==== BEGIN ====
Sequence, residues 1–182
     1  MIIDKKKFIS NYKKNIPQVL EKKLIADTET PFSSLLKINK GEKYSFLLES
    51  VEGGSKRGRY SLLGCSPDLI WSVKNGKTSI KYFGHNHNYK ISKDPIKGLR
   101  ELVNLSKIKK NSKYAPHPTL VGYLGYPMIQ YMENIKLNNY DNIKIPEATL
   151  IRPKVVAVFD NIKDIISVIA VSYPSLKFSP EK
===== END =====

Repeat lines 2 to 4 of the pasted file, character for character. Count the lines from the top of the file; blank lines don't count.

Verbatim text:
     1  MIIDKKKFIS NYKKNIPQVL EKKLIADTET PFSSLLKINK GEKYSFLLES
    51  VEGGSKRGRY SLLGCSPDLI WSVKNGKTSI KYFGHNHNYK ISKDPIKGLR
   101  ELVNLSKIKK NSKYAPHPTL VGYLGYPMIQ YMENIKLNNY DNIKIPEATL